Donald E. Bort III, 18, of 20 Airport Rd. Building 8 Apt. 4, Fulton, was arrested March 16 by members of the Fulton Police Department and charged with driving while intoxicated, driving while intoxicated with a blood alcohol content greater than .08 percent, unlicensed operator of a motor vehicle, and unlawful possession of marijuana.

John F. Lachut Jr., 21, of 207 Phillips St., Fulton, was arrested March 16 by members of the Fulton Police Department and charged with failing to comply with a lawful order, unlicensed operator and aggravated unlicensed operation of a motor vehicle.

Eric Drought, 30, of 610 Buffalo St., Williamstown and Fulton, was arrested March 16 by members of the Fulton Police Department and charged with petit larceny and seventh-degree criminal possession of a controlled substance.

Adam J. Hart, 20, of 56 Davis St., Phoenix, was arrested March 15 by members of the Oswego County Sheriff’s Office and charged with first-degree sex abuse and endangering the welfare of a child.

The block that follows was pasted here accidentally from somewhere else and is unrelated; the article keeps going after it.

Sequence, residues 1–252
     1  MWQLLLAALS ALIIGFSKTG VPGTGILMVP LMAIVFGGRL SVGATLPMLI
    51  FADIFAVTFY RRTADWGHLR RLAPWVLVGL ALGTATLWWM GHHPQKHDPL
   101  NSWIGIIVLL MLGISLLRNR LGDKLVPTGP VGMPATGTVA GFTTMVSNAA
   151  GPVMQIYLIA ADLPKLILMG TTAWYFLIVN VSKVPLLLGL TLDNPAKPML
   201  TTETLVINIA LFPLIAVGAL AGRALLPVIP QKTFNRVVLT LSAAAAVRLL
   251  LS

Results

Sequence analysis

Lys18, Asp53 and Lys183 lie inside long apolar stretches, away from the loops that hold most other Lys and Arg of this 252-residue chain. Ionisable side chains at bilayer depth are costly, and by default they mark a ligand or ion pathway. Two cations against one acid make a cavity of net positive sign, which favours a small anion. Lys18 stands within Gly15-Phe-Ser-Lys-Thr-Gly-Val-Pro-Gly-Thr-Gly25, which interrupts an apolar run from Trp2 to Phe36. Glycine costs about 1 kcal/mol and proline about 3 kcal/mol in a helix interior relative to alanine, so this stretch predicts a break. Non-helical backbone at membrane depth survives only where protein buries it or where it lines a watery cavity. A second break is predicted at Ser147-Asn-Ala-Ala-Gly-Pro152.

Joseph D. Reynolds, 23, of 312 Utica St. Apt. 2, Fulton, was arrested March 8 on a warrant by members of the Fulton Police Department and charged with second-degree criminal sale of marijuana and endangering the welfare of a child.

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Anthony DeBalso Jr., Baldwinsville resident

OBITS-DeBalsoAnthonyaAnthony J. DeBalso Jr., 77, of Baldwinsville, died Monday, March 18.

He was predeceased by his father, Anthony J. DeBalso; his mother, Florence (Picciano) DeBalso; and brother, Michael DeBalso.

Surviving are his wife, Gail Davis-DeBalso; son, Dennis; daughters, Crystal (Glenn) MacDougall and Andrea (Ray) Nichols; stepchildren, Kimberly (Art) Sandford, Kevin (Donna) Clark, and John Dodge; siblings, Florence Guifre and Jerry DeBalso; four grandchildren; seven step-grandchildren; two great-grandsons; and many nieces and nephews.

A memorial service will be held at 3 p.m. Sunday, April 28 in the Community Wesleyan Church, 112 Downer St., Baldwinsville. There are no calling hours.

Contributions may be made to any animal shelter or homeless shelter.